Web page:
- Performance: Moving to the cloud can help certain organisations enhance performance and the overall user experience for their consumers. Data will not have to travel as far to reach consumers if their application or website is housed in cloud data centres rather than on-premises servers, decreasing latency.
- Flexibility: Users may access cloud services and data from anywhere, whether they’re workers or consumers. This makes it simpler for a company to grow into new markets, provide services to foreign clients, and allow its staff to work more freely.
What are the main challenges of migrating to the cloud?
Large databases: This may often need to be migrated to a new platform entirely in order to work in the cloud. It’s tough to move a database, especially if there’s a lot of data to move. For huge databases that would take too long to transmit through the Internet, some cloud providers provide physical data transfer options, such as putting data onto a hardware equipment and then sending the appliance to the cloud provider. Firstly, Data may be transmitted through the Internet as well. Secondly, Data migration, regardless of the method, might take a long time.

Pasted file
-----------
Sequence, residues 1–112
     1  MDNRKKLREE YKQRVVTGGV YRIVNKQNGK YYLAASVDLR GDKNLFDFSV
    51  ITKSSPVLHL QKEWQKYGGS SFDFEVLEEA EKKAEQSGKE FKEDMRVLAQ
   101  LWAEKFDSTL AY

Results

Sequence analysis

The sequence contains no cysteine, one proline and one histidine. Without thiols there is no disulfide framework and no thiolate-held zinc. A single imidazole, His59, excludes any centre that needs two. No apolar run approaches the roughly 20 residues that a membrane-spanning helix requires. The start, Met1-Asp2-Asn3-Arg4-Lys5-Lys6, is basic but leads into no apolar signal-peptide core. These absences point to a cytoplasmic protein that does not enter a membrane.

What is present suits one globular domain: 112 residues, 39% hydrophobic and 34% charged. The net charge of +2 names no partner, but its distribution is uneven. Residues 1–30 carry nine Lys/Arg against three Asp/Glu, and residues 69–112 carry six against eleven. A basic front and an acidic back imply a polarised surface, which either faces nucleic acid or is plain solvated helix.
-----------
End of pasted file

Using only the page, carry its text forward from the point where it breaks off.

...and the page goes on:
Data Integrity: After the data has been transmitted, the next step is to ensure that it is intact and safe, and that it has not been leaked throughout the process.
Continuation of operations: During the migration, a company must guarantee that its present systems remain operational and accessible. To maintain ongoing service, they’ll require some overlap between on-premises and cloud; for example, before shutting down an old database, they’ll need to make a duplicate of all data in the cloud. Businesses usually need to advance in little increments rather than all at once.